International Journals

Two-Billion-Year-Old Fossils Reveal Strange and Puzzling Forms

News from the Scientific American - Thu, 29/01/2015 - 21:15
To a human, two billion years is an unfathomable interval. But that, a team of European, Gabonese, and American scientists now say, is how long ago a recently discovered hoard of fossils suggests...

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Despite Esteem for Science, Public at Odds with Scientists on Major Issues

News from the Scientific American - Thu, 29/01/2015 - 21:00
Scientists and their work have an important place in every major aspect of American life. Many hope that advances in science will improve people's lives and enhance the economy.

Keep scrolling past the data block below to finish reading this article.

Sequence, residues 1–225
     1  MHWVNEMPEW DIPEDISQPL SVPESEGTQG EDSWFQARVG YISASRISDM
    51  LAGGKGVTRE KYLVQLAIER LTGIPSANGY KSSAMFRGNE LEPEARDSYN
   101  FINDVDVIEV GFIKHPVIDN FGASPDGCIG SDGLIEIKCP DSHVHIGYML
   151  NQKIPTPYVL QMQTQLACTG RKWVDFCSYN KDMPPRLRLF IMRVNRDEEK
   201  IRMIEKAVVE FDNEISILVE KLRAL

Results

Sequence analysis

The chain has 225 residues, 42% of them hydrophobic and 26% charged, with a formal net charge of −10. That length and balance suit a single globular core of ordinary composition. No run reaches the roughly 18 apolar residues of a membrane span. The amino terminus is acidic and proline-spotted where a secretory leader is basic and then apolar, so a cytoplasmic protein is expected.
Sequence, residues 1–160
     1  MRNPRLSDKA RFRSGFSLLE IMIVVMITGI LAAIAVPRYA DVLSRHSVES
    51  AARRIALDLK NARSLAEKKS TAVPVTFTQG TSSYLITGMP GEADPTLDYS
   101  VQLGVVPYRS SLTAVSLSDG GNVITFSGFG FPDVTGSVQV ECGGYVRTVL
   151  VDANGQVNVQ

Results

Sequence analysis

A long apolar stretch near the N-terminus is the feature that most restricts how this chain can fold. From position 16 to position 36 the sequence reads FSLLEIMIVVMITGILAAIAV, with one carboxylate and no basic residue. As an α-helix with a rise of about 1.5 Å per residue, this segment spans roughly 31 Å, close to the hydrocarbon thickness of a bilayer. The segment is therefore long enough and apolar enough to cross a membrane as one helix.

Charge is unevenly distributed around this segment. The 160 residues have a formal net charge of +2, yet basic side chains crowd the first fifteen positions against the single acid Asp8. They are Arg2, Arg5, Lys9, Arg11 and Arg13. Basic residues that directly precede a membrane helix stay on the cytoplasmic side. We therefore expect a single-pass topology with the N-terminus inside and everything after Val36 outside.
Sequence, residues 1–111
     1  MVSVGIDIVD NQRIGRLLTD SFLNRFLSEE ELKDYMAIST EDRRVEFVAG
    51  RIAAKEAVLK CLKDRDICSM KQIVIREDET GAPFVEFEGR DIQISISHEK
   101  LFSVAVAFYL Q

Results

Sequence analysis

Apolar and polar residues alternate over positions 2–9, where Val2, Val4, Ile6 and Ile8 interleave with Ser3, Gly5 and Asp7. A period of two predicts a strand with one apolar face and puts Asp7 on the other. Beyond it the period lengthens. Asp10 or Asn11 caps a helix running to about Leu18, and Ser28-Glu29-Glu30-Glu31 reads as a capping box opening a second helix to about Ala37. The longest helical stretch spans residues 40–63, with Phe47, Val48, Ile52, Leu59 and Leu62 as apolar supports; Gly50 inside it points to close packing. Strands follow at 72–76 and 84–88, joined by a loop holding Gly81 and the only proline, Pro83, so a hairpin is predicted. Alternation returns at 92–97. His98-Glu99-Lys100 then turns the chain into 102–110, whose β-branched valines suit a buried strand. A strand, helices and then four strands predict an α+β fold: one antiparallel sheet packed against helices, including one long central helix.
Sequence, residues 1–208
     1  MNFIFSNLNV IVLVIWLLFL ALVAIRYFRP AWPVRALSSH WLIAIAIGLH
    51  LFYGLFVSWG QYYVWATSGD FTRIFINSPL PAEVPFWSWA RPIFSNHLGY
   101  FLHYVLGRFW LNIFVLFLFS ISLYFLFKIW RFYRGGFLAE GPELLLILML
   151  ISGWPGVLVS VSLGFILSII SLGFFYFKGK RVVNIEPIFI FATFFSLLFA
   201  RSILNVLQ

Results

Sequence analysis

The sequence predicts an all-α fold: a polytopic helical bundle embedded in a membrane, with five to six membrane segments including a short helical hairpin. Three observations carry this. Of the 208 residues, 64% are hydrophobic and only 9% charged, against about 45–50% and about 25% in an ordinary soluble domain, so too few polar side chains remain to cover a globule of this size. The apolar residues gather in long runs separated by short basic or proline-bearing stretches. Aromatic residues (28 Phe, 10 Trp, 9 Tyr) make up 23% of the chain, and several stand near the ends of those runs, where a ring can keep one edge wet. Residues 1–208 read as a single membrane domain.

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Apply for Science Communication Awards, Fellowships and Internship Programs

News from the Scientific American - Thu, 29/01/2015 - 15:12
Participation of broader audiences in science, technology, engineering, mathematics (STEM) requires engaging under-served audiences. The conduit of this engagement is communication.

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Why 76 Beavers Were Forced to Skydive into the Idaho Wilderness in 1948

News from the Scientific American - Thu, 29/01/2015 - 14:54
Some time in the late 1940s, a very patient, elderly beaver called Geronimo was put in a box, flown to an altitude of between 150 and 200 metres, and tossed out the side of an aeroplane.

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As Cuba–U.S. Relations Thaw, Medical Researchers Still Struggle to Connect

News from the Scientific American - Wed, 28/01/2015 - 15:15